France: A two-fold approach helps secure healthy and vibrant lavender
The scent of lavender conveys so much of what our customers like to say about their products: clean and fresh, with a subtle herbal note, it evokes the countryside and feelings of nature. But the traditional source of French lavender in Provence has suffered in recent years. Farmers have had to adapt to new conditions as disease has weakened the crop and threatened the stability of the supply.
Maxence, Givaudan’s category manager, explains how the Company saw the need for action to ensure that this key natural ingredient would continue to enrich the palette of our perfumers for years to come. The answer is to source for shared value ‒ to breathe new life into the industry in a way that benefits the producers and our customers.
“A two-fold approach was necessary: first it was important to engage directly with the lavender producers to secure a stable and long-term supply; second to work together, with the help of scientific researchers, to combat the effects of disease.”
The initial step, says Maxence, was to form a partnership with France Lavande, a cooperative of lavender and lavandin oil producers in the region. “Under the agreement, the members sell to Givaudan through the cooperative and are assured of constant sales, which has brought some welcome stability to the local industry. The partnership initially encouraged more producers to join the cooperative and membership has now stabilised at the 100 mark.”
Maxence says the link with the cooperative has enabled Givaudan to develop a genuinely collaborative relationship with the lavender oil producers.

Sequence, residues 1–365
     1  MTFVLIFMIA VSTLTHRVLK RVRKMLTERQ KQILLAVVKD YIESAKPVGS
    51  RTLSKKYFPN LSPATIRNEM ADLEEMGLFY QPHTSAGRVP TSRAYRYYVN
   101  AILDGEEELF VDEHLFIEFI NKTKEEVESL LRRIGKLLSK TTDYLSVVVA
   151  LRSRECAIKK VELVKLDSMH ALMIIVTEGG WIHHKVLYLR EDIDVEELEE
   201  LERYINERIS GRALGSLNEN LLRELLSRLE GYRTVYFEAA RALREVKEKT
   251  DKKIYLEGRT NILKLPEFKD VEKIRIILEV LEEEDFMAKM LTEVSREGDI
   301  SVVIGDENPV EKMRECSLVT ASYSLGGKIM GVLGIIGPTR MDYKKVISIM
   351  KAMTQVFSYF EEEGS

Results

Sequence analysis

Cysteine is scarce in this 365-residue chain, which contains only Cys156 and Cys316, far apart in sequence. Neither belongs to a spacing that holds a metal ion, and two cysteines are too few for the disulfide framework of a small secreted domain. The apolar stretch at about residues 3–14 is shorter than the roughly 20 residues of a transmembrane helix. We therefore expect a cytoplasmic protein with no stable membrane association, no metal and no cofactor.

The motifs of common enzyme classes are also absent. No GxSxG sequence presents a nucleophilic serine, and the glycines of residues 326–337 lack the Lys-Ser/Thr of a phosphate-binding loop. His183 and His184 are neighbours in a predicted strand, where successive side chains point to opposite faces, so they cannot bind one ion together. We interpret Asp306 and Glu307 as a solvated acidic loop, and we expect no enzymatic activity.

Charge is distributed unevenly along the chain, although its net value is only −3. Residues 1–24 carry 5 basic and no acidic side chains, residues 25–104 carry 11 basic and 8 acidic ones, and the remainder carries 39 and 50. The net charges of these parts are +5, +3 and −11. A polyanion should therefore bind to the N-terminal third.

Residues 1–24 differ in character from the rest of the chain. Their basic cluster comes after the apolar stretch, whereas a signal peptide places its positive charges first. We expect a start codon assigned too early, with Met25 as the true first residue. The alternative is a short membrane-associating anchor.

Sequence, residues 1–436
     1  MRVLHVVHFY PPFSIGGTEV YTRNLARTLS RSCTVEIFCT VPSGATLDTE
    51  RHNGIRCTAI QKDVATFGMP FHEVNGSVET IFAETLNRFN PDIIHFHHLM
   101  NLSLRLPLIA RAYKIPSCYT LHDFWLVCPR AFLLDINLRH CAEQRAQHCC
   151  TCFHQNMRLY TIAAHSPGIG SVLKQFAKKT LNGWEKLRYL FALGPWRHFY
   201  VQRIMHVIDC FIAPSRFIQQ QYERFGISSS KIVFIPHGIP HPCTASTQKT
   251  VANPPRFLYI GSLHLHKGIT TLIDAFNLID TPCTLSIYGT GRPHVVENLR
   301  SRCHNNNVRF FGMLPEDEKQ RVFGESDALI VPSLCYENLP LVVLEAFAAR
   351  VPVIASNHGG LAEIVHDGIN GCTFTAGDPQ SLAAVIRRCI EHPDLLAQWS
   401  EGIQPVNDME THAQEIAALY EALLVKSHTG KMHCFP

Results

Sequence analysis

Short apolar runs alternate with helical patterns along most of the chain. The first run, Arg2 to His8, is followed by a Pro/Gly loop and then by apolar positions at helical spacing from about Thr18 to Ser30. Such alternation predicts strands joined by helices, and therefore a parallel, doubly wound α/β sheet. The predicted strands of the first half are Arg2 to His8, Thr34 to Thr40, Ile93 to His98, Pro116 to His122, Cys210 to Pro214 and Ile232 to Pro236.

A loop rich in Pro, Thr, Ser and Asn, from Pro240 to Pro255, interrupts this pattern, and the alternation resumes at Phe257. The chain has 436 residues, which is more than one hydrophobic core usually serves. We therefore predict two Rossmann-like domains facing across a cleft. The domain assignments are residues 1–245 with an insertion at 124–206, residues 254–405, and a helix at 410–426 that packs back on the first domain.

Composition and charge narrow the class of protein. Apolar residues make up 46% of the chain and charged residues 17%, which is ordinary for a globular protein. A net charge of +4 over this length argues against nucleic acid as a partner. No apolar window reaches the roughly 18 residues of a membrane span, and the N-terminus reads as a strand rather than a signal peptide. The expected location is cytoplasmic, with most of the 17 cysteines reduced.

“Our close sourcing relationship means we know the origins of our supply chain and we can work together to improve quality. For example, we helped with the installation of an improved oil filtration system.”
In addition to the partnership with the cooperative, Givaudan is seeking to further secure the long-term sustainability of the lavender crop by supporting scientific research to tackle the impact of insect-born diseases. In 2011, we formed a partnership with CRIEPPAM, a research institute that specialises in aromatic, fragrant and medicinal plants, to help nurseries develop healthy plants, cuttings and seedlings.
Today, the Givaudan Foundation continues to support that work with the Swiss FiBL institute of organic agriculture, says Maxence: “The aim is to effectively control phytoplasma-induced disease.” Meanwhile, the Foundation is also supporting CRIEPPAM in developing alternative methods for controlling the spread of the cecidomyia fly, which is responsible for causing high losses of production in the traditional growing regions of the south of France. The findings from these two research programmes will benefit 1,500 lavender producers in France.